Pushing more pixels on screen for the sake of being able to say it’s native 4K is a mistake if you can’t muster enough quality into those pixels. Native 4K 60 frames per second is something that is extremely demanding even for GPUs far more expensive than that of the Xbox Series X. If 60 frames per second is desirable, then checkerboard rendering or artificial up-sampled 4K are far less costly options that can achieve a display fairly indistinguishable from native 4K.
Ironically, the technical analysis YouTube channels that probably drove a lot of Microsoft’s insecurity with resolution comparisons back in 2013 (NX Gamer, Digital Foundry, etc.) are actually strong advocates for using these up-sampling techniques where possible. If not up-sampling techniques then 1440p is still a generational leap from 1080p.
The graphical horsepower isn’t the only limiting factor. Talent, time, resource and dedication are also key to delivering the proper optimisation to ensure a balance between resolution and immersive graphics. Judging by the accounts of employees at the studio developing Microsoft’s most important upcoming game, it would appear this obvious philosophy has evaded the software giants.
The employee reviews of 343 Industries on GlassDoor.co.uk are quite a fascinating read. Whilst reviews of this nature should always be taken with a pinch of salt, the consistency of particular complaints in negative and positive reviews alike are a damning indicator of the state the studio is in. One of the most frequent complaints is a Microsoft led policy of using temporary contractors for cheaper labour over investing in permanent talent, which leads to various problems – continuity and morale amongst them.
Another of the most recurring issues in the reviews are the tools that are being used; the developer software, the codebase and the engines used are described as ‘broken’ and ‘outdated’. There’s various other complaints aimed at management, criticising not pushing back on Microsoft’s unreasonable demands and generally creating what is repeatedly called a ‘toxic’ atmosphere. Delays and impending crunch are mentioned in reviews going back before 2020, and given the poor quality of the showing of Halo Infinite at the games showcase I think there’s sufficient evidence that these reviewers’ comments are legitimate.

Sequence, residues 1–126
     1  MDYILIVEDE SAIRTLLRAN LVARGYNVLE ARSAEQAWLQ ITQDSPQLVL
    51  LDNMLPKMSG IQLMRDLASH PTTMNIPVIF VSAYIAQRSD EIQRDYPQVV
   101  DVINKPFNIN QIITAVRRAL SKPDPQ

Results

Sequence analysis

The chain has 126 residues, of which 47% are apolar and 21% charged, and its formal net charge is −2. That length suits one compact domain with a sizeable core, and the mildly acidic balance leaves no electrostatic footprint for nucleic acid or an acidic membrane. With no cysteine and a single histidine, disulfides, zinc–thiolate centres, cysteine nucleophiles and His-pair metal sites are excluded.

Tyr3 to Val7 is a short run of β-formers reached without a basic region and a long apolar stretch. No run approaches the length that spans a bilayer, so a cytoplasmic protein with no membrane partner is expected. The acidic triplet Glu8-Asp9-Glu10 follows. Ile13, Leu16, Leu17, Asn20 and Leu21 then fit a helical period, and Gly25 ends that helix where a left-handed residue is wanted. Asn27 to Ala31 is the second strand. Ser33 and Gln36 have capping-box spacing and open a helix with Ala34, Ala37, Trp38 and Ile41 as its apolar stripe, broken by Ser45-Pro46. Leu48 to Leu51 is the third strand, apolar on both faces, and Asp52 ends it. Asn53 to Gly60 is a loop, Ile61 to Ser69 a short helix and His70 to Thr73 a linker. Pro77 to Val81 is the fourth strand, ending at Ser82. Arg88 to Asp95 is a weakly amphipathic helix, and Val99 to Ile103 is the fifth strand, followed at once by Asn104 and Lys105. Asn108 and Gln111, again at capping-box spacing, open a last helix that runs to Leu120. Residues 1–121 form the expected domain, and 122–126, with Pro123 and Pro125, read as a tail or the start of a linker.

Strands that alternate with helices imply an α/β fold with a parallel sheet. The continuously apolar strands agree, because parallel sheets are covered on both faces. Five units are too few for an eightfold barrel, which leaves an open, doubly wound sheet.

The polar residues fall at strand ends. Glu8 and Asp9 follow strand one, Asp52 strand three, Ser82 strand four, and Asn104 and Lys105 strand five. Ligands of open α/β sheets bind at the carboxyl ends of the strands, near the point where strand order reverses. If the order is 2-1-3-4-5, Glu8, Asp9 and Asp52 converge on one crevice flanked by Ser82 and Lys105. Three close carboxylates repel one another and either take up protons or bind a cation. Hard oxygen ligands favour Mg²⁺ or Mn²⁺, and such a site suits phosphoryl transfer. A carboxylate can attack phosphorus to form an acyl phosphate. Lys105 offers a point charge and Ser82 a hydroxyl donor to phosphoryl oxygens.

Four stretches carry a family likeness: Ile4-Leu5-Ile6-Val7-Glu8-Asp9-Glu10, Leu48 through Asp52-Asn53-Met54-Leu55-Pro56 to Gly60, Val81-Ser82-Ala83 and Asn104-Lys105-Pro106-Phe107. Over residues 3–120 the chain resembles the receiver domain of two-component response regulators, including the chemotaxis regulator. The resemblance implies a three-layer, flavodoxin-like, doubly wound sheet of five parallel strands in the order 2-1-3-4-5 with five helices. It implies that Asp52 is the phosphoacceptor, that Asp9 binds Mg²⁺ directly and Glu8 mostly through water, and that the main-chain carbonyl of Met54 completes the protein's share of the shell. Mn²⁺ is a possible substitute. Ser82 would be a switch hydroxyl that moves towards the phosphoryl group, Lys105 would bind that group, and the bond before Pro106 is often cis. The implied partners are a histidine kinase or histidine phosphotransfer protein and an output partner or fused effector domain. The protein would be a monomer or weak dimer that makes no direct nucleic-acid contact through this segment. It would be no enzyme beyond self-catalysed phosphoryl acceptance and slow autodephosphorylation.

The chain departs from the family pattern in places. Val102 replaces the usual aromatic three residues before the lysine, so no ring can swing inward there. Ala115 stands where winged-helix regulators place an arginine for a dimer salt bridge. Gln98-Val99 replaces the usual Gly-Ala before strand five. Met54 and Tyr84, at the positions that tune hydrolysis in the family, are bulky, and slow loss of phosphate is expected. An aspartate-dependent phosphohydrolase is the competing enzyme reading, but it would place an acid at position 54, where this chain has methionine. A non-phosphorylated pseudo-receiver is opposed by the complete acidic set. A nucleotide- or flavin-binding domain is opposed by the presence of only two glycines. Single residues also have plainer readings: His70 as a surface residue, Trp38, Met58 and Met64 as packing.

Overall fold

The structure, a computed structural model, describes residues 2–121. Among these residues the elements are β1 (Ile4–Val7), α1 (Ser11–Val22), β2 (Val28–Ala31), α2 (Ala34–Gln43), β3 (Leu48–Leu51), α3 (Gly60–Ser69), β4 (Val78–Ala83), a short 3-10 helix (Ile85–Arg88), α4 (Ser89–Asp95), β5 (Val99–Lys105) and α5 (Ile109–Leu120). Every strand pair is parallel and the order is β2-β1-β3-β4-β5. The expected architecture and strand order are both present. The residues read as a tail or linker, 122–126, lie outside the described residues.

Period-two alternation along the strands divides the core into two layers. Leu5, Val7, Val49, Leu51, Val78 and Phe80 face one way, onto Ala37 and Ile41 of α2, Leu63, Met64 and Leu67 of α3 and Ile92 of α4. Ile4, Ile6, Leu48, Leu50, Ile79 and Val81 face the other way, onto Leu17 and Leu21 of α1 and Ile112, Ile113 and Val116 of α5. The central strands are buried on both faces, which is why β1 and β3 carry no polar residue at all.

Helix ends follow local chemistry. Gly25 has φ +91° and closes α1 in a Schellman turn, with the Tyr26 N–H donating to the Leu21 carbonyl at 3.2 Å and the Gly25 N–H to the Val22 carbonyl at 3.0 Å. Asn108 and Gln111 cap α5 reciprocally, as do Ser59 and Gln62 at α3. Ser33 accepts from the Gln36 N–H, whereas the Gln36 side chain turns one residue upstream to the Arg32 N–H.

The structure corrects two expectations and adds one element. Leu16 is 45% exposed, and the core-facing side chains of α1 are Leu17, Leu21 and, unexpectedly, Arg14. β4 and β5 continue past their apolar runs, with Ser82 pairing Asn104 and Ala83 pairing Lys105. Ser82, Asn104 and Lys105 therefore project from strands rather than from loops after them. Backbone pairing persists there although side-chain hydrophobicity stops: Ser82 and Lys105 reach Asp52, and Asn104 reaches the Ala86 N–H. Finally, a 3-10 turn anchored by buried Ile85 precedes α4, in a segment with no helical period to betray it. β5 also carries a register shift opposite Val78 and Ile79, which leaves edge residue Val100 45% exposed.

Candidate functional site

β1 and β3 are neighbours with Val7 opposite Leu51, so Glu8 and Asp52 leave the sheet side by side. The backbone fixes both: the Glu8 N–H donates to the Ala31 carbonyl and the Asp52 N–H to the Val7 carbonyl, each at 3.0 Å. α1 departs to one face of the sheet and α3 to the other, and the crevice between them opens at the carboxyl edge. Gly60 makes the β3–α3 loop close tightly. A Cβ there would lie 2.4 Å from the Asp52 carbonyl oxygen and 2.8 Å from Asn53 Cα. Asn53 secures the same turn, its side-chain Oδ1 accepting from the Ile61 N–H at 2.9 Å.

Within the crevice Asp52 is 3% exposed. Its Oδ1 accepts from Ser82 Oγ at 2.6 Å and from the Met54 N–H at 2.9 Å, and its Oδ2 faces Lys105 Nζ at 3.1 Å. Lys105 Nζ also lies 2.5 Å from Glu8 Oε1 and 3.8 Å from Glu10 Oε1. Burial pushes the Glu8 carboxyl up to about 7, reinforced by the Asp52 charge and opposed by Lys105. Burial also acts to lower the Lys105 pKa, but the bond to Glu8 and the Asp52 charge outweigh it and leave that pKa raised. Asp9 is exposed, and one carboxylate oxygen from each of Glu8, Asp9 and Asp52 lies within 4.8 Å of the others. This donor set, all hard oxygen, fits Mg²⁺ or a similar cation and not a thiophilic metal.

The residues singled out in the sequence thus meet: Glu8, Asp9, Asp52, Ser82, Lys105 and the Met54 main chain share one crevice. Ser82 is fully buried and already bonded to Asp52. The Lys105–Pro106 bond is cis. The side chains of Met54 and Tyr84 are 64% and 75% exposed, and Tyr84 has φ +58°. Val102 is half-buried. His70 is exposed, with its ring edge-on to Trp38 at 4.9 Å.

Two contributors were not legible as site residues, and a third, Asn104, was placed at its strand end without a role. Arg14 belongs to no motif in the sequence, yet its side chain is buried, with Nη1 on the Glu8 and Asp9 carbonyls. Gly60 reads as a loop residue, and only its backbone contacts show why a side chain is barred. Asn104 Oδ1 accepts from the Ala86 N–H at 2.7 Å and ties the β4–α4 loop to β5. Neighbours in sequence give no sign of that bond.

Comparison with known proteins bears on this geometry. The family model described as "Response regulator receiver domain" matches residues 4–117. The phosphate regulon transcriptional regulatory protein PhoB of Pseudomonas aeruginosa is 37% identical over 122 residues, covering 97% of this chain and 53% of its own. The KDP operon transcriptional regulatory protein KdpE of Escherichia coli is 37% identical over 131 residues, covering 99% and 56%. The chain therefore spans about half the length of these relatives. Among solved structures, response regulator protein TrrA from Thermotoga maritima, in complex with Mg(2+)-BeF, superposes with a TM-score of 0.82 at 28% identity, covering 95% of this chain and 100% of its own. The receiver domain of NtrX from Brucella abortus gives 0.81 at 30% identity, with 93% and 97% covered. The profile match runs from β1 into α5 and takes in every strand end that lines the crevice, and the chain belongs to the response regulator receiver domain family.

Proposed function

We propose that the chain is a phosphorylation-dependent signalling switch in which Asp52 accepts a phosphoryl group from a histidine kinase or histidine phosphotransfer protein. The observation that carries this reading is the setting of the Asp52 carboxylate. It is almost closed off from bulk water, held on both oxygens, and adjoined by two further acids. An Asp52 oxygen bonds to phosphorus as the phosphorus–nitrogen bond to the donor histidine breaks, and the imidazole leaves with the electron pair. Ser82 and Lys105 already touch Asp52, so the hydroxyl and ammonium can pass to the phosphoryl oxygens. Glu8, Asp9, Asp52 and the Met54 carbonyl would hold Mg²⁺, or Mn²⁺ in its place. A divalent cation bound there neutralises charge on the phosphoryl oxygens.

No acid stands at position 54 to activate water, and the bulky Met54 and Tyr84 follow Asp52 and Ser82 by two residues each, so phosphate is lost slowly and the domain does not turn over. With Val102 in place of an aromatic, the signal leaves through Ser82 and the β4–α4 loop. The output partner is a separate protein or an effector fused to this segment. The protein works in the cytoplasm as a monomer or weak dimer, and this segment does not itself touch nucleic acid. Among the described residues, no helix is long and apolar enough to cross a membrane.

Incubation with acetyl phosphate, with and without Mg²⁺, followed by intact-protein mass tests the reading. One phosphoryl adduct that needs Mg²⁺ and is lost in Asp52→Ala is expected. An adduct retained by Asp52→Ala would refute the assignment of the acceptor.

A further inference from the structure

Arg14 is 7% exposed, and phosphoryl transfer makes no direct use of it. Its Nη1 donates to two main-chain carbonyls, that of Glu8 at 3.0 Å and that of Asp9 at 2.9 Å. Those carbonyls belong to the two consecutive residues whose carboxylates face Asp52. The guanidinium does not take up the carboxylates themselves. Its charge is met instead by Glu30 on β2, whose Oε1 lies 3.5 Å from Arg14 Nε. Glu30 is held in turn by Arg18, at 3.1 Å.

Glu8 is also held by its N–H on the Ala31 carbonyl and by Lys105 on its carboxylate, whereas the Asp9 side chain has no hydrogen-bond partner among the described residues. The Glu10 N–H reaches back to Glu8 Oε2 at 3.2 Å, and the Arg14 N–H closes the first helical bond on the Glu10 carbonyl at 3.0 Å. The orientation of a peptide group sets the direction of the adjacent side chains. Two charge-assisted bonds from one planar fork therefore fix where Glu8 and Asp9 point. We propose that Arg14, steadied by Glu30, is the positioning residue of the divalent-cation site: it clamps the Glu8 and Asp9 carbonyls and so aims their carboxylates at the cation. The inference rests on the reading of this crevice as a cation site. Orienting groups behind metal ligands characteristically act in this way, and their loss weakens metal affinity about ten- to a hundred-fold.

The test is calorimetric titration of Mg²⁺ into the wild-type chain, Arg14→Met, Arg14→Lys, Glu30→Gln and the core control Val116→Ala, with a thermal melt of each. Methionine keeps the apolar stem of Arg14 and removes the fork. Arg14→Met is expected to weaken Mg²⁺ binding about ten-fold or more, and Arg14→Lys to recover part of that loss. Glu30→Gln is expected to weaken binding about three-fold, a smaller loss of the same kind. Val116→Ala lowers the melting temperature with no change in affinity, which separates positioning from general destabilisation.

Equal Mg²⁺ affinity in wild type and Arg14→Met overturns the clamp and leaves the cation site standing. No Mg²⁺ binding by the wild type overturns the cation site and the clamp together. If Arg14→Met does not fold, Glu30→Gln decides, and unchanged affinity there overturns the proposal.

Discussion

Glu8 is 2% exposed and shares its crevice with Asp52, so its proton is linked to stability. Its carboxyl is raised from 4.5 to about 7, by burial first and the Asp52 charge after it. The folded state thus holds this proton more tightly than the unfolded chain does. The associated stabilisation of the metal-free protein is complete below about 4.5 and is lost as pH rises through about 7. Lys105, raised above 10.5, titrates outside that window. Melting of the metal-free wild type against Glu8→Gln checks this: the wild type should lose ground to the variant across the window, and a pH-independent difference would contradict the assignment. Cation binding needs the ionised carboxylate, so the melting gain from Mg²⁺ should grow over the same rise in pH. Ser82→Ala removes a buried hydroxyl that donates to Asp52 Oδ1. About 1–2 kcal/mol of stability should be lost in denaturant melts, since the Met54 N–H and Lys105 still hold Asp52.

While it certainly seems that 343 Industries has a decent amount of internal problems, it’s also apparent that Microsoft are culpable for their policies and demands. At the very least Microsoft has severely neglected the development of their marquee title for the past few years, all the while being consumed with winning the ‘most powerful’ paper championship.
It resulted in a poor showcase for what the Xbox Series X is capable of and gave rise to the now infamous Craig the Brute meme that’s being used as a stick by Sony fans to beat the Xbox Series X with. It’s important to realise, regardless of what platform a gamer might prefer, that competition in the market is good for gamers. For this reason we should all hope that Microsoft can get their priorities straight and deliver.
By reader Twiggy Smalls
This Reader’s Feature does not necessary represent the views of GameCentral or Metro.